Alcohol and illicit drug use continue to be a problem in the transportation industry. A study by American Addiction Centers found that US truckers had the world’s highest frequency of positive alcohol tests. In fact, since January 2020, more than 72,000 truck drivers have been taken off the road because they failed required drug tests, according to data from the Federal Motor Carrier Safety Administration (FMSA) Drug and Alcohol Clearinghouse. 

However, a related study claims that the number of truckers who use alcohol and drugs on the job is underreported and nearly double. This study further confirmed that cocaine, not marijuana, was their drug of choice. Truckers themselves have confirmed these statistics. A series of studies revealed that over 90% of truckers admitted drinking alcohol, and 82.5% used amphetamines on the job. 

Numerous studies over the years have linked the efficacy of random and pre-employment testing as both a deterrent and a critical safety measure. These tests take transportation workers off the roads and rails and out of the air who might otherwise pose a danger to themselves or others. They also identify workers in need of help. 

The legalization of marijuana and subsequent use is also affecting the transportation sector. Statistics from the FMCSA Drug and Alcohol Clearinghouse point to a rise in both failed drug tests and test refusals, much of it associated with marijuana use. These statistics triggered an automatic doubling of the random testing employers must conduct on their drivers to 50% of the workforce. Ramped-up testing requirements are a direct result of increased use and are designed to lower rates of drug use and positive tests. The Controlled Substances and Alcohol Use and Testing final rule of 2001 mandates that the testing rate increase whenever the FMCSA annual survey of motor carrier test results shows a positive rate of 1% or more.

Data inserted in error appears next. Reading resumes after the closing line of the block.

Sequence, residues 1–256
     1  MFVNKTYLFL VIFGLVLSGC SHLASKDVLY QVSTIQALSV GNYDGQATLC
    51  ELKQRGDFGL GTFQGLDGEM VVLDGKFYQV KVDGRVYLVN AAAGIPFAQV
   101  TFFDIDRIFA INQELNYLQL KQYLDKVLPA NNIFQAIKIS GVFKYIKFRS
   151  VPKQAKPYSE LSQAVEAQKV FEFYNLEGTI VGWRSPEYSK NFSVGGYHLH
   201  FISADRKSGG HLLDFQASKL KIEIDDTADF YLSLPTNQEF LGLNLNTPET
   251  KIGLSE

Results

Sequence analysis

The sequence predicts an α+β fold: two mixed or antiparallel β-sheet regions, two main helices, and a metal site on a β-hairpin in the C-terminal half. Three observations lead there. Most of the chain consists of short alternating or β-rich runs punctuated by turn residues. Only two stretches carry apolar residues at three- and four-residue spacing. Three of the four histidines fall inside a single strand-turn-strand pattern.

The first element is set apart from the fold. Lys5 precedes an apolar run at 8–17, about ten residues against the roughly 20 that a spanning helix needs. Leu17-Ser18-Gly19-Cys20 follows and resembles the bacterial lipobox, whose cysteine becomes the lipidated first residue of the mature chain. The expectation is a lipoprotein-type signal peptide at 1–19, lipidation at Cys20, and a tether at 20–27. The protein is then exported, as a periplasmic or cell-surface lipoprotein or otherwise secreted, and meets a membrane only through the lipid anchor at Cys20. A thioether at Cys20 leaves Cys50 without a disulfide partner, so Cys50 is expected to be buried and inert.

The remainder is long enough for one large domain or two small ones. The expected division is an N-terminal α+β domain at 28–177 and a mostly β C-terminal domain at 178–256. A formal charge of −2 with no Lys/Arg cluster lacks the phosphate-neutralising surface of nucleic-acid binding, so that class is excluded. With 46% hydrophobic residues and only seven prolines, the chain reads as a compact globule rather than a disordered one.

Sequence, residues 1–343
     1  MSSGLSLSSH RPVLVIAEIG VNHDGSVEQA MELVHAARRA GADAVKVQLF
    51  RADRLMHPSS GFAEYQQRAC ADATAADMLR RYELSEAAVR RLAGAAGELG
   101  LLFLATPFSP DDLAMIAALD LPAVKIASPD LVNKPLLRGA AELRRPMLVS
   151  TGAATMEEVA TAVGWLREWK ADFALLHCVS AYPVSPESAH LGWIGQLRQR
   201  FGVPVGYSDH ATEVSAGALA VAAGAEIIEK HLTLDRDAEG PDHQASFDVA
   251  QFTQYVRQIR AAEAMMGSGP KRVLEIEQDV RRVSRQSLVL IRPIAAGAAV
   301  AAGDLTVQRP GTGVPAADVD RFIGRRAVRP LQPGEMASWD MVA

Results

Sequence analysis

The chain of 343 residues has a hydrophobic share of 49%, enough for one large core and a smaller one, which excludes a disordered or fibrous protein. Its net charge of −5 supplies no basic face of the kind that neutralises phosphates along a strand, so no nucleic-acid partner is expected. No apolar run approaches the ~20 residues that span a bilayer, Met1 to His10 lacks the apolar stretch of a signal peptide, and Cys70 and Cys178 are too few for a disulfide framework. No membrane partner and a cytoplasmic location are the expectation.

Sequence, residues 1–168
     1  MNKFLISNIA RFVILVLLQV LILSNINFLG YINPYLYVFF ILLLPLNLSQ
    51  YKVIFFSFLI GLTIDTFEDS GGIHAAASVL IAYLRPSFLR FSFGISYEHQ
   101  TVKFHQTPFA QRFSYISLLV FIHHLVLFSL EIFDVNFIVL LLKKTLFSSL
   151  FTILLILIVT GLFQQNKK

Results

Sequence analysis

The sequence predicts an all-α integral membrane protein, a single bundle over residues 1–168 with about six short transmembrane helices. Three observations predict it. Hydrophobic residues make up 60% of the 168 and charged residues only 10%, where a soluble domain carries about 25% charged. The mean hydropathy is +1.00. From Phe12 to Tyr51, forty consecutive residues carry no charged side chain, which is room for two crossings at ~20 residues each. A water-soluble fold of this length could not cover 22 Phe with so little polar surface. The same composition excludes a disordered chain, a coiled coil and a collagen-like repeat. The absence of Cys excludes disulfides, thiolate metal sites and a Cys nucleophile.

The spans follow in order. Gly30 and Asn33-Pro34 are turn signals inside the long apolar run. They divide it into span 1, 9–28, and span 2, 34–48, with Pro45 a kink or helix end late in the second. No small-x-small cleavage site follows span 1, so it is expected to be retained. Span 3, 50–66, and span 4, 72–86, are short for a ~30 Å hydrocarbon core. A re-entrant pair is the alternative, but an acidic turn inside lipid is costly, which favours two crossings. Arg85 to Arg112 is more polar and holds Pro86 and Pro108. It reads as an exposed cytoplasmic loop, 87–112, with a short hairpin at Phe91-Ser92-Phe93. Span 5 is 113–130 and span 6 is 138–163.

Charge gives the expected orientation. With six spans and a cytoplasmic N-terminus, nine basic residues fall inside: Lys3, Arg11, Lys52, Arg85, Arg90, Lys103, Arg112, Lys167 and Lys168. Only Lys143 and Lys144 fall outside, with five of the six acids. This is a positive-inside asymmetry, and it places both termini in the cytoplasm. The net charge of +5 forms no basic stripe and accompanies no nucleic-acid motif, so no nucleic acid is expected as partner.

Many positive drug tests and refusals are also being reported to the Clearinghouse by MROs from pre-employment drug testing. This type of testing can significantly reduce employers’ costs in everything from healthcare costs to accidents. One intriguing study established a direct correlation between pre-employment drug screening and lower post-accident drug screening positivity. And interestingly, 30% of potential employees have admitted they are less likely to apply to a company that does pre-employment drug testing.

The pandemic also surfaced the effects drug, and alcohol testing can have on deterring use in the workplace. The growth in the use and abuse of alcohol and both illegal and legal drugs during the pandemic has been widely reported in the media. However, it also slowed the delivery of drug and alcohol testing. Research published in February 2021 pointed to “decreased drug testing overall, with increased positivity for high-risk drugs and dangerous drug combinations.” The study suggests a correlation between lower rates of testing and increased use. This translates into additional risks and costs for employers.

Occupational testing for the transportation industry might be mandatory in many instances, but it also offers substantial benefits and a clear return on investment for employers. 

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SureHire offers a range of drug and alcohol testing services, including DOT-Random testing, Clearinghouse Management, and Impairment Awareness Training.

If you’re looking for a trusted provider to help you improve your safety culture and help keep your workforce safe, contact us today!